Management philosophy: We welcome volunteers and we do not micromanage. We let each person figure out what their talent is, where they think they will serve us best, and let them do what they are capable of doing. We want them to feel empowered by whatever strengths and talents they have to offer.
Guiding principles for running an effective organization: Providing a safe environment for everyone one to share their ideas to ensure their voice is heard, treating everyone with respect and dignity, while listening to the needs of our community are our guiding principles.
Best way to keep your organization relevant: By meeting the needs of our rare community, focusing on advocacy, and providing opportunities for those affected to access the care that they need while not losing sight of our mission will keep the organization relevant.
Why people like working with you: I’m non-judgmental and I’m easy to talk to. I’m always ready for new ideas and to do what I can to support someone else in their goals.
Mentor: When we started our organization, Paige Nues with Rettsyndrome.org. took us under her wing. She talked openly with us about their organizational structure and helped us learn appropriate processes for guiding a science program. In addition to this, she shared challenges their organization had faced in hopes to prevent our organization from facing these same issues. We benefited greatly from their maturity as a nonprofit. Because of the support we received from Rettsyndrome.org, we always make time to talk to young organizations. We feel it’s important for us to pay that forward to the rare community.
On the Job
What inspires you: Our kids inspire me.
What makes you hopeful: What makes me hopeful are the advances in science. They are exciting. There are so many things that have happened in the 10 years that I’ve been in the rare disease world that I’m shocked myself. Also, the willingness for people to help. You can share your story with people who have no connection and they are moved by it. I believe our kids change people.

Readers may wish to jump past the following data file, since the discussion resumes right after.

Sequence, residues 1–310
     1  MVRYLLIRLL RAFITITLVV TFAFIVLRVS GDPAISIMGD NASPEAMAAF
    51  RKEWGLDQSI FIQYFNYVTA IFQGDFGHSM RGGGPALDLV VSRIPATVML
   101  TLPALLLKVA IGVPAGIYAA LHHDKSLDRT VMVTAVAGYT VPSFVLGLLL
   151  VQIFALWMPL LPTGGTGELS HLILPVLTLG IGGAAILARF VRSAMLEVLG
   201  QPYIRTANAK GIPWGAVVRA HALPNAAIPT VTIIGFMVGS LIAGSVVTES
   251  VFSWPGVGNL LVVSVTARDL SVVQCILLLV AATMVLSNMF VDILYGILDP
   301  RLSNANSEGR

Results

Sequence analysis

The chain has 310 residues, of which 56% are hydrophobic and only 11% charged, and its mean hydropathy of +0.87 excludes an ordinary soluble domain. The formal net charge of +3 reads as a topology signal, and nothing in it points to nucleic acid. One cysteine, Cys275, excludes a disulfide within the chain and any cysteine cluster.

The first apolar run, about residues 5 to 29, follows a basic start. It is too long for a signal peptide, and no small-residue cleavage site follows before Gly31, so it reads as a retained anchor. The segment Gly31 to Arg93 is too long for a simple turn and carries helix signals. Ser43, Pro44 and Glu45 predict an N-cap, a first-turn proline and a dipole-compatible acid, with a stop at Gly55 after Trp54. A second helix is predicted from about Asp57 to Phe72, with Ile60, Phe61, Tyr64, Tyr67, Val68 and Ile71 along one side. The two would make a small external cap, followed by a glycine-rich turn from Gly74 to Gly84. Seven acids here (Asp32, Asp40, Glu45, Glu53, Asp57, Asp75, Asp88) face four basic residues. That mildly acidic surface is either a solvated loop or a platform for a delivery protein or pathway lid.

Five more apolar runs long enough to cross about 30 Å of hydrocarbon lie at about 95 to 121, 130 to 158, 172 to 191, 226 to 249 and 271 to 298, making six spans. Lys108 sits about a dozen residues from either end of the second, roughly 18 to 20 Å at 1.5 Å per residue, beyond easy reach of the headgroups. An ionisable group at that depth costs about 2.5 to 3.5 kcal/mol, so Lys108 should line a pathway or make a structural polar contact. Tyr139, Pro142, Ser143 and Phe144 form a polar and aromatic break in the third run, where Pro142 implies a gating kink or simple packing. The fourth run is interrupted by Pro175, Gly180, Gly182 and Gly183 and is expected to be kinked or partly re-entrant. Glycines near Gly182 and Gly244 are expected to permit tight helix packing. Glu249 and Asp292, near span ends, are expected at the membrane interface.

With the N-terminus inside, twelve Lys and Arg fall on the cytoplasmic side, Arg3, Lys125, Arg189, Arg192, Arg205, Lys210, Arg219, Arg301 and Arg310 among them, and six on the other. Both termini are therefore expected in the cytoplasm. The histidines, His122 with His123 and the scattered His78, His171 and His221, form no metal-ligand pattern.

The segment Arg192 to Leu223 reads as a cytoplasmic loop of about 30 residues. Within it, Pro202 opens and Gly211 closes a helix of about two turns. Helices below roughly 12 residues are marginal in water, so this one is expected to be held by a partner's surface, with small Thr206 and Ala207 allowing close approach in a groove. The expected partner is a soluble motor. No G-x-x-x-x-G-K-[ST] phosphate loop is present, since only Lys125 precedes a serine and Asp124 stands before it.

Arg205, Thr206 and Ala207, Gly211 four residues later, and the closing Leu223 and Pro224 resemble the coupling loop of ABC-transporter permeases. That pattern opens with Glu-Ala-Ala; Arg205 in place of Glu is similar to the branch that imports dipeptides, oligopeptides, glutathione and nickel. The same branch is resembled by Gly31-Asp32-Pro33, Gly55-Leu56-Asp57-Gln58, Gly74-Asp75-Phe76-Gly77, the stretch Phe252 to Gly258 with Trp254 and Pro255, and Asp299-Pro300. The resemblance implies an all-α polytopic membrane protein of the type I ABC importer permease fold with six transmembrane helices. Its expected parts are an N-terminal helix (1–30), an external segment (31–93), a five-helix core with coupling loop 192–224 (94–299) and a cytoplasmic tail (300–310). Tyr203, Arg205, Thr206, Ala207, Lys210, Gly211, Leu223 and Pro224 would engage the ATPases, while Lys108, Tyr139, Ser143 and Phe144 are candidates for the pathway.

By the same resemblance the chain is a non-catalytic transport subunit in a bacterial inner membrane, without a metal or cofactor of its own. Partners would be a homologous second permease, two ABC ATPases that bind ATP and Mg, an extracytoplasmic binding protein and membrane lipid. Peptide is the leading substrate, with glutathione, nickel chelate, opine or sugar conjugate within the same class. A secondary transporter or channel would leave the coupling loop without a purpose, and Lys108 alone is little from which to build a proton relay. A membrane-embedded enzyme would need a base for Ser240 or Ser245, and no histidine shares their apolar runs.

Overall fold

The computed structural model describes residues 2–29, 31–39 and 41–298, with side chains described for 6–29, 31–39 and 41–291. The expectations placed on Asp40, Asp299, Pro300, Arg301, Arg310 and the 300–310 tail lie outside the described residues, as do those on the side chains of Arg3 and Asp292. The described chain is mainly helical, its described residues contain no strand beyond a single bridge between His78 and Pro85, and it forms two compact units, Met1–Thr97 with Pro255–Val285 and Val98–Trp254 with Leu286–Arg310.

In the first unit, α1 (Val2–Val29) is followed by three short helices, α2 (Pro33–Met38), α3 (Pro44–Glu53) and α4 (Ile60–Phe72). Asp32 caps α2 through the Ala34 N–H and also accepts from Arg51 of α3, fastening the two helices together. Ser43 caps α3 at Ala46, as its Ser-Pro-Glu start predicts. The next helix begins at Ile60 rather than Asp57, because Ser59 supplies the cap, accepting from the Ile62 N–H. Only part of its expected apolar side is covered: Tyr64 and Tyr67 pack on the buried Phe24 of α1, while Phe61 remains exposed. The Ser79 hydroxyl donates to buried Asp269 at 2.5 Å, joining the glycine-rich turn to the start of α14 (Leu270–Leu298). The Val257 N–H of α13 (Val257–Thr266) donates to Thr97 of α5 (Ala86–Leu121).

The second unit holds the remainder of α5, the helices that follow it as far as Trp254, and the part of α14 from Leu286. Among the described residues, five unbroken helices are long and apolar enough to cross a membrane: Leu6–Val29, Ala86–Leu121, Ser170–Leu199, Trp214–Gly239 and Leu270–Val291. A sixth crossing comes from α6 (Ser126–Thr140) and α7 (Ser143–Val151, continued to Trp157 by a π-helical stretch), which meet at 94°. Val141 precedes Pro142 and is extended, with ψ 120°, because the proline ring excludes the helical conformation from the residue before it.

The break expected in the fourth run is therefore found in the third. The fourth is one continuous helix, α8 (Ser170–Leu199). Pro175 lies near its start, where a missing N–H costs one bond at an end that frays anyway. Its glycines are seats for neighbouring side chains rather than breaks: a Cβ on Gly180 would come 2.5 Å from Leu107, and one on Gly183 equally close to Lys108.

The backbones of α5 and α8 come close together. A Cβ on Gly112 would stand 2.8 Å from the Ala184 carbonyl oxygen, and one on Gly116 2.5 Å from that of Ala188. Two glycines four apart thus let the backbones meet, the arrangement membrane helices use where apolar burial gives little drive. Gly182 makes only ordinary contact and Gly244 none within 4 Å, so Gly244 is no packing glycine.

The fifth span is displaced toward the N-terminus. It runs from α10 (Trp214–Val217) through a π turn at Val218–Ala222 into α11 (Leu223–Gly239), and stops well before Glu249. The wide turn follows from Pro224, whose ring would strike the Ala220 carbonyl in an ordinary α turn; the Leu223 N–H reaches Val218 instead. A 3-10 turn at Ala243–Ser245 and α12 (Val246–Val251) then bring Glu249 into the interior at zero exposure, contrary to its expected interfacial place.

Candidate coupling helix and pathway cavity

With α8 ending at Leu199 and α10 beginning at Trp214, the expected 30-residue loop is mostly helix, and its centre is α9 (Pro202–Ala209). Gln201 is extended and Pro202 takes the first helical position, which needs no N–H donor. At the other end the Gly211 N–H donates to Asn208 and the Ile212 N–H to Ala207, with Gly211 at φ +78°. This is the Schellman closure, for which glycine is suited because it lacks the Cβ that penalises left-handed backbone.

Best organization decision: Our best decision was to begin the organization. There was nothing known about this rare disorder. Now, because of our work, there have been numerous publications from the database we helped start, there are six established Centers of Excellence (and more on the horizon) to provide multidisciplinary care and develop statistically based best practice guidelines, and no caregiver has to be alone on this journey.
Hardest lesson learned: The hardest lesson for me has been how slow science is.
Toughest organization decision: The toughest decision was to hire a science director. That was scary for all of us. At the time, we didn’t have a set expense that we knew we were going to have to meet. To hire a position where you knew you were going to have to meet the salary commitment was tough, but it has been a great investment.
Biggest missed opportunity: We have not been very good at public relations and telling people what we are doing. We are making efforts to improve in this area.
Like best about the job: My favorite part of the job is talking to newly diagnosed families and sharing our story. Being able to give encouragement and support to those that are in the early stages of facing this is important to me.
Like least about the job: The politics of science.
Pet peeve: People who don’t take responsibility for their actions is my pet peeve. Everybody can make mistakes, but we should all own what we do and move on.
First choice for a new career: I am actually in the process of choosing a new career. I am in nursing school, and I want to eventually be involved in clinical research.
Most influential book: The Bible
Favorite movie: Gone with the Wind
Favorite music: Country
Favorite food: Mexican
Guilty pleasure: Chocolate